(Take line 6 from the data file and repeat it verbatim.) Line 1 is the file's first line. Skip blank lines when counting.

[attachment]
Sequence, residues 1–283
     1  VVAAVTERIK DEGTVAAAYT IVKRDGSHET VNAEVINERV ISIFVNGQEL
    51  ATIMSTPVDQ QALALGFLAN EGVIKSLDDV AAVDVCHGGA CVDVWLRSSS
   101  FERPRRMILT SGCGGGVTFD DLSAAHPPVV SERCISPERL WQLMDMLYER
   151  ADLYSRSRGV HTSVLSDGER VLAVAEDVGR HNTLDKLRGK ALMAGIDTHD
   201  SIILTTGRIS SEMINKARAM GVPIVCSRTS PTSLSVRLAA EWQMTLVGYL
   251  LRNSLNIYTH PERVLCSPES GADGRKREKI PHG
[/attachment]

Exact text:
   201  SIILTTGRIS SEMINKARAM GVPIVCSRTS PTSLSVRLAA EWQMTLVGYL